Review: The Wackness
PLOT: Over a long, hot summer in 1994, a recent high school graduate plays video games, drinks 40s, slings pot and attends sessions with his shrink (who's also a client). As he tries to figure out what to do with his life he falls in love and begins to experience what life is for the first time.
(The following review for THE WACKNESS, in theaters now, originally ran as part of our Tribeca Film Festival coverage.)
REVIEW: If the lines, the overpacked houses and annoying film snobs are the worst part about film festivals, movies like THE WACKNESS are the best part. THE WACKNESS, which screened as part of the Tribeca Film Festival, is the best film at the festival and one of the best films I've seen so far this year.
The movie stars a wonderfully cast Josh Peck as homeboy Luke Shapiro, a white kid graduating from high school in 1994 New York City. What few friends he has are leaving for the summer and he's stuck at home playing "Zelda," discovering Notorious BIG, smoking joints and attending sessions with his therapist Dr. Squires (Ben Kingsley) who accepts the weed Luke sells on the side as payment. Through Squires, Luke meets the doctor's stepdaughter Stephanie (Olivia Thirlby, JUNO), the only one of his classmates who's still in the City over the summer. Through mutual boredom they begin to hang out and hook up.
While it would appear that the central relationship would be between Luke and Stephanie, the more pivotal relationship is that of Luke and Squires. Luke is a kid who seemingly wants to grow up. He becomes fascinated with a line his doctor throws at him about becoming a man. Squires is an adult who desperately wants to be a kid again. Peck and Kingsley play off each other brilliantly and Kingsley delivers his finest work in years (I almost forgive him for BLOODRAYNE).
Both Luke and Squires are looking for love and Luke seems to find it in Stephanie. She follows him as he sells weed out of his frozen ice truck. They share beer in Central Park and hit up her family's vacation home in Fire Island. Their scenes on the island are hilarious and heart-warming as we finally see Luke coming out of his emotional coma ("You make me want to listen to Boyz II Men," he tells her). But, as you might expect, things don't always go smoothly. There's a beautifully shot, bittersweet moment in a beach shower between Luke and Stephanie that will break your heart because you know what's going to happen before Luke does.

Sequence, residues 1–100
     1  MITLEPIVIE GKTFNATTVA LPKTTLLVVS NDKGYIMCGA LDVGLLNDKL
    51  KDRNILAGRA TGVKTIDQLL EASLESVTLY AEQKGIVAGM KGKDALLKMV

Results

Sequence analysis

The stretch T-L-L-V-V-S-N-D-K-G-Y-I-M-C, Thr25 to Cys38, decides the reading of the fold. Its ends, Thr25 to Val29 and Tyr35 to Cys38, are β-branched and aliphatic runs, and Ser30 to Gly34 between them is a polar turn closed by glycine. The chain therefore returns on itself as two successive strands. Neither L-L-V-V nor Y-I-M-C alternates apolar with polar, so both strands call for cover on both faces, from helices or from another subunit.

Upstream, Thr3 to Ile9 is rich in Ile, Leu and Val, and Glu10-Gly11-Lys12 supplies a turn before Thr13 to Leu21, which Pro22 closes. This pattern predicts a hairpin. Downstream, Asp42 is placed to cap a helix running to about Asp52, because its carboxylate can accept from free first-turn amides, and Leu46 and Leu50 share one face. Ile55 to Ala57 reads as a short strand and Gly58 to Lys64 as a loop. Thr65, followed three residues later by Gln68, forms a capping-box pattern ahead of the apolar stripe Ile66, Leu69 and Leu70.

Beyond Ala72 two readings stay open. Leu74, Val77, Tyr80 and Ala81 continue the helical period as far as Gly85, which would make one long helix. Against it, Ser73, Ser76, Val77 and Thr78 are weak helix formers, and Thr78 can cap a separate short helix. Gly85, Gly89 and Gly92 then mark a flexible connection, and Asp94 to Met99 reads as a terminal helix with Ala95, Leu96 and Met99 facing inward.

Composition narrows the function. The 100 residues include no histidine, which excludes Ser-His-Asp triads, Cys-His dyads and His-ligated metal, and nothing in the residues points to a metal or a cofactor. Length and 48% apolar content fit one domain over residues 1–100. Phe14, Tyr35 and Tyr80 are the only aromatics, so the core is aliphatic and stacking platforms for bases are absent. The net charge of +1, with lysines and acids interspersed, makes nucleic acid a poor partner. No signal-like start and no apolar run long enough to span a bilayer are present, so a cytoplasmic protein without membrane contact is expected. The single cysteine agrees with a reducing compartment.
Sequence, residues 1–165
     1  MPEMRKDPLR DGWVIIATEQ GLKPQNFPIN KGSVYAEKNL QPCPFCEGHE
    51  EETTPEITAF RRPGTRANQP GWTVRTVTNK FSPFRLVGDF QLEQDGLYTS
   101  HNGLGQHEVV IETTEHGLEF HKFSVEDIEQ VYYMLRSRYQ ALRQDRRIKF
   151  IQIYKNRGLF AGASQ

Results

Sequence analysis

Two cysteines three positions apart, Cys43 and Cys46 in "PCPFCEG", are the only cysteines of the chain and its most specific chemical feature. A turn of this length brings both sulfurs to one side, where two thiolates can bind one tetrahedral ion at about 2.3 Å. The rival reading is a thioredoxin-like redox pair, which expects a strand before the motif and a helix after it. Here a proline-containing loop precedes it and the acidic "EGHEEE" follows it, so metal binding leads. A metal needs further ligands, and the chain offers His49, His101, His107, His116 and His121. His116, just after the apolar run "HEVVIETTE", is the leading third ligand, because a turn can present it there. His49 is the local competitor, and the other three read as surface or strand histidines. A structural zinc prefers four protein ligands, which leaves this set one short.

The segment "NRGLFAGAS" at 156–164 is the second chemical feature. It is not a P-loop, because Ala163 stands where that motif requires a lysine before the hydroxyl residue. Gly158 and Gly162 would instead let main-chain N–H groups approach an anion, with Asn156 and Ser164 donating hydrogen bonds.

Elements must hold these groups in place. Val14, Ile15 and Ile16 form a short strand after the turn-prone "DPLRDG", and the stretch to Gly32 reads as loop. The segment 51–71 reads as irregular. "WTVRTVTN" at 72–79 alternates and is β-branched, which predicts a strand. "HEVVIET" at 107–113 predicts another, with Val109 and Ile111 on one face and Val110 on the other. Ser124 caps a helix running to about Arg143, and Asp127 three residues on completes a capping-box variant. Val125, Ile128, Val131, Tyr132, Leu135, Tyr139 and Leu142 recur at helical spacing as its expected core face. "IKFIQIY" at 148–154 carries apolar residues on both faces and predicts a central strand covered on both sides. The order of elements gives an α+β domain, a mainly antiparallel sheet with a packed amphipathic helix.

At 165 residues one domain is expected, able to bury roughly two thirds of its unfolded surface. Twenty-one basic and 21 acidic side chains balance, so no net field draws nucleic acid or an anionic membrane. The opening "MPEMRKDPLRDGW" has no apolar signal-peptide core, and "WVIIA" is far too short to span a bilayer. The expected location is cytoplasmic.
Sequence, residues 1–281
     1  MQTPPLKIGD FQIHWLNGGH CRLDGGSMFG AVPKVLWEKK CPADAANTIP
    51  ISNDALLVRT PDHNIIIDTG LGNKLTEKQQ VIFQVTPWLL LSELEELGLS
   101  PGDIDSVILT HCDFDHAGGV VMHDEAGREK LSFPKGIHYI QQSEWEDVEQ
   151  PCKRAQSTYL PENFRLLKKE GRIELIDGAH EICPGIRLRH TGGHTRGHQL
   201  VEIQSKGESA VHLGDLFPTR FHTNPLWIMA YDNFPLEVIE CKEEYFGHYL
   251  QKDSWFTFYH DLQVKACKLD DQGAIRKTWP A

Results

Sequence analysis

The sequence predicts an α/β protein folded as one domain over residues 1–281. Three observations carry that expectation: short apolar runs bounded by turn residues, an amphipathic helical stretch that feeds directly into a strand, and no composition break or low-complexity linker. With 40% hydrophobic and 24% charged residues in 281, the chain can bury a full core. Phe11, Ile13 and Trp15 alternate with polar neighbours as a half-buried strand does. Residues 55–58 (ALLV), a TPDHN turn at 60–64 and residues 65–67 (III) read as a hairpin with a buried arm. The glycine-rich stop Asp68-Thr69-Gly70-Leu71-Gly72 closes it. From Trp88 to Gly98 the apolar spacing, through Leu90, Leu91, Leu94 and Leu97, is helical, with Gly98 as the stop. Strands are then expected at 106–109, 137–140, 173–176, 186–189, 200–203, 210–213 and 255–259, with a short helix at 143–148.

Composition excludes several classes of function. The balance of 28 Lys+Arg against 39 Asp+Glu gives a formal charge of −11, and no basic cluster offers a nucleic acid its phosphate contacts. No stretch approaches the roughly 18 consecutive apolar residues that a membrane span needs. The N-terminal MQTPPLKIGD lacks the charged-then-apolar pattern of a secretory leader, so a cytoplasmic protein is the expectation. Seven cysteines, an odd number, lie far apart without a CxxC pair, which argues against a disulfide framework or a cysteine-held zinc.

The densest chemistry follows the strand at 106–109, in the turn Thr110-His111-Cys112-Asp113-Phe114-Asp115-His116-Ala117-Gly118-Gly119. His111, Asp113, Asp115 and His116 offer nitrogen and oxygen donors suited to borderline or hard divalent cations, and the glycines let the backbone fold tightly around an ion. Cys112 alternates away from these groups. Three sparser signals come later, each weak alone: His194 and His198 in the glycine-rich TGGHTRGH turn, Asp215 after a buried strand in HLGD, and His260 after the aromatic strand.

As a doofy white kid from the mid-90s who listened to Tribe Called Quest and played "Zelda" myself, I can say writer/director Jonathan Levine has done a wonderful job of bringing the subculture to the screen. While not everyone can relate to Luke on as many levels as I can, we've all certainly gone through the same experiences. That may sound like another standard coming-of-age dramedy, THE WACKNESS is anything but. Levine takes the rite of passage genre and remixes it like many of the mix tapes Luke pops in his ghetto blaster. As you'd expect it's equal parts funny, charming, touching, sad and contemplative in a way that few movies of similar themes are able to pull off. It's what I hoped JUNO would be.
The title of the movie comes from Stephanie telling Luke to stop worrying about what will happen to them after summer's over. He, she says, continues to focus on "the wackness" in a particular situation and that he really should be looking at the flipside, at "the dopeness" of life. There's been a lot of wackness so far in 2008 but THE WACKNESS truly is the dopeness.